In 1646 work started on the twin-towered Church of St Sulpicius, lined inside with 21 side chapels, and it took six architects 150 years to finish. It's famed for its striking Italianate façade with two rows of superimposed columns, its Counter-Reformation-influenced neoclassical decor, its frescoes by Eugène Delacroix – and its setting for a murderous scene in Dan Brown’s The Da Vinci Code. You can hear the monumental, 1781-built organ during 10.30am Mass on Sunday or the occasional Sunday-afternoon concert.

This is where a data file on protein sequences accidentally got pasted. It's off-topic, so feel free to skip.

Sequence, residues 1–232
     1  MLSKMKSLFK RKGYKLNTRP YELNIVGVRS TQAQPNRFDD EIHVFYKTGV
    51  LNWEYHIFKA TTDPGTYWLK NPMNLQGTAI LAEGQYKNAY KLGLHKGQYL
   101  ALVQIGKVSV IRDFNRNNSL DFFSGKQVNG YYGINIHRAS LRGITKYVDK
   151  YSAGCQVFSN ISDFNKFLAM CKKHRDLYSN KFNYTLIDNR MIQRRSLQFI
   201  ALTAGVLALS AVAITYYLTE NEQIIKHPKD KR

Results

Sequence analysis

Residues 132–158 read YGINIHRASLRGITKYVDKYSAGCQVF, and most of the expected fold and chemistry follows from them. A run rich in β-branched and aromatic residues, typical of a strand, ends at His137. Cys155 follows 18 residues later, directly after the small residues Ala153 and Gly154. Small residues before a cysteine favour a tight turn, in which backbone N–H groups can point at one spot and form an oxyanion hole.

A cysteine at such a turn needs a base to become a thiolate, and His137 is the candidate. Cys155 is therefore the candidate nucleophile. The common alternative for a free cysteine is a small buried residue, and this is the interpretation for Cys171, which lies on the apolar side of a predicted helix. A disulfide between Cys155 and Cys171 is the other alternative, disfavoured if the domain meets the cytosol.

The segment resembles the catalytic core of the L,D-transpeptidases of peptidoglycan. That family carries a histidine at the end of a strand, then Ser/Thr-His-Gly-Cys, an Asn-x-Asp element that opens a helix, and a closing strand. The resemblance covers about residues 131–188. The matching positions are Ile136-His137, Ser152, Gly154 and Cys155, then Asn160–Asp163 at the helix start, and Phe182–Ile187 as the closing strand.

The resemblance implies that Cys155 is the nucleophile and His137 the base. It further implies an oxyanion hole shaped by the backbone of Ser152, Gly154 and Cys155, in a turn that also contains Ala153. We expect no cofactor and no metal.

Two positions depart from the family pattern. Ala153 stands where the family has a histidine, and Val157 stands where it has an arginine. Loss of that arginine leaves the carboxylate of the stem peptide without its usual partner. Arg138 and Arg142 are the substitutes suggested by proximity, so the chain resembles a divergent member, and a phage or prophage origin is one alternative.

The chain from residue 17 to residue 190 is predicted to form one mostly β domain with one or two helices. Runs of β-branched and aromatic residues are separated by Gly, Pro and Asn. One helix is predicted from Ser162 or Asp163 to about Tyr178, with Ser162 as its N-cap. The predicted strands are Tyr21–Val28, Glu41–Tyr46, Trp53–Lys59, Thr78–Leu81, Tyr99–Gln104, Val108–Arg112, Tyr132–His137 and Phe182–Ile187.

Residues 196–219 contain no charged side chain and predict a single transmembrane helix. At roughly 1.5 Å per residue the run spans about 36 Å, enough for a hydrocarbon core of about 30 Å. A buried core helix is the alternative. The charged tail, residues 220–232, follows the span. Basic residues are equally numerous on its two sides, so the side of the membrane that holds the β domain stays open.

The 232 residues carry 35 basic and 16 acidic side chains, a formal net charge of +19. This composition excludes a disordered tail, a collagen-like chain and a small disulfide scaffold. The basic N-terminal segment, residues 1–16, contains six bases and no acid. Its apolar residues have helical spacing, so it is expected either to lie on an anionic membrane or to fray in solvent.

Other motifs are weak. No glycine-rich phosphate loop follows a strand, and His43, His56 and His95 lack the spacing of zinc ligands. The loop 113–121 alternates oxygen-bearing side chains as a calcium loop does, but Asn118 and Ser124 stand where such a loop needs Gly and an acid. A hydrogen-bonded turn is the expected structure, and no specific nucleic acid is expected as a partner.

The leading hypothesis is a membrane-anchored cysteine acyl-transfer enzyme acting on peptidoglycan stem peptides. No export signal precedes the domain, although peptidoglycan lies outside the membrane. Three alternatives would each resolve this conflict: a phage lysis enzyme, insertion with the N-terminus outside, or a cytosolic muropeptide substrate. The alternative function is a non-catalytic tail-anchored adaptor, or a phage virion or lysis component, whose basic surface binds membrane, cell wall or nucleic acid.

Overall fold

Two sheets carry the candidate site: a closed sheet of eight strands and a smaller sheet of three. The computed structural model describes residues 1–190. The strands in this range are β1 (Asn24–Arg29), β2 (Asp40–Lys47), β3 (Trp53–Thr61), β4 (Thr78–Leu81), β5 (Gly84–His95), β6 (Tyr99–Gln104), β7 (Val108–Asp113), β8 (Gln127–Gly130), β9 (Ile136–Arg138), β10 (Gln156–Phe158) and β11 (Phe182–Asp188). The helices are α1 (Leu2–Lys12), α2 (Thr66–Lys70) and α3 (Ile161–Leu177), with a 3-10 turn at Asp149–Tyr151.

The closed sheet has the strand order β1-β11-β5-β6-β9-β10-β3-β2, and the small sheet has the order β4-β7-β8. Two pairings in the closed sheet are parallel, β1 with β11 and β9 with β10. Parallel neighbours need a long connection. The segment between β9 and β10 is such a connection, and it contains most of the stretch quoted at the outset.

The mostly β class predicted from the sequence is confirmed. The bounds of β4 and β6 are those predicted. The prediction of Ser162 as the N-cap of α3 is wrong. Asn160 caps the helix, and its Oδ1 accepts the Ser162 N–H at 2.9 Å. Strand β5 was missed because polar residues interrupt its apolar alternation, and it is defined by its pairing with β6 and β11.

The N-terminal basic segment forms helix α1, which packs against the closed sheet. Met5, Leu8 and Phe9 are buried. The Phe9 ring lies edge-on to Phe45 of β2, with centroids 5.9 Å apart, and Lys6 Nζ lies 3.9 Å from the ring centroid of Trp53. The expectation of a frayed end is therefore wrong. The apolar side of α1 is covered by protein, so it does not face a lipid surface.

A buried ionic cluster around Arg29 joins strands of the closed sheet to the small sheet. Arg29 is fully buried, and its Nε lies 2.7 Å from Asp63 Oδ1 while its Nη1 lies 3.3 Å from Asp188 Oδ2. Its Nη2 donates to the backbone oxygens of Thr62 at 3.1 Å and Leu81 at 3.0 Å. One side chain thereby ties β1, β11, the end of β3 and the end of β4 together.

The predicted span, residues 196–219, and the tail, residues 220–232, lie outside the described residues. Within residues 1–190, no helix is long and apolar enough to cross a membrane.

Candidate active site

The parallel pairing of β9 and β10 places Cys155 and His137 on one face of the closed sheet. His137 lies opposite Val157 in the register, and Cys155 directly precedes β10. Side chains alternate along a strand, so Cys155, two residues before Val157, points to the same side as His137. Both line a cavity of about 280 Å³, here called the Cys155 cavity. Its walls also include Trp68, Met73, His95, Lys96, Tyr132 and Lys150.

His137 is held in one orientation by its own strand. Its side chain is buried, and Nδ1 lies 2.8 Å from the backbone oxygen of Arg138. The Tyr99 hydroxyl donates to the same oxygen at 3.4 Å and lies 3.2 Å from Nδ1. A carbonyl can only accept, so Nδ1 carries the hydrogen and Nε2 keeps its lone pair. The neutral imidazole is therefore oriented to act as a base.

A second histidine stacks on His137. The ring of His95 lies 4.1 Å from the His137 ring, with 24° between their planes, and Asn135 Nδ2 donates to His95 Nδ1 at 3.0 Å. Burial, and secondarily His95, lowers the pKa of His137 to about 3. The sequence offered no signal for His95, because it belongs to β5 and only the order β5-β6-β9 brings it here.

The frescoes in the Chapelle des Sts-Anges (Chapel of the Holy Angels), first to the right as you enter the chapel, depict Jacob wrestling with the angel (to the left) and Michael the Archangel doing battle with Satan (to the right), and were painted by Delacroix between 1855 and 1861. Free guided tours of the church (in English) depart on the 1st Sunday of each month at 12.30pm. To delve into the crypt, sign up in advance for a tour (in French) on the 2nd and 4th Sundays of the month at 2pm.